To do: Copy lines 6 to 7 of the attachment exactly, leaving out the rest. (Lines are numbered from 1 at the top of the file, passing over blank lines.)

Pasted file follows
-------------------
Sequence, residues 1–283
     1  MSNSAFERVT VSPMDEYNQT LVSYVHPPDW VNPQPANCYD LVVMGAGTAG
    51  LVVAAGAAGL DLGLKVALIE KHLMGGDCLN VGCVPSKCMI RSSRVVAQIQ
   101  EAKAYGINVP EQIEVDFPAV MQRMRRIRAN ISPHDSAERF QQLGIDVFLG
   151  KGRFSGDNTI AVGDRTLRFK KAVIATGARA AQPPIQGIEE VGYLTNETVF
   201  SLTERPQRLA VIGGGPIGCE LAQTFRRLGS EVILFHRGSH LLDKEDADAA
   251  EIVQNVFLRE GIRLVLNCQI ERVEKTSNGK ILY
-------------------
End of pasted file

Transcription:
   201  SLTERPQRLA VIGGGPIGCE LAQTFRRLGS EVILFHRGSH LLDKEDADAA
   251  EIVQNVFLRE GIRLVLNCQI ERVEKTSNGK ILY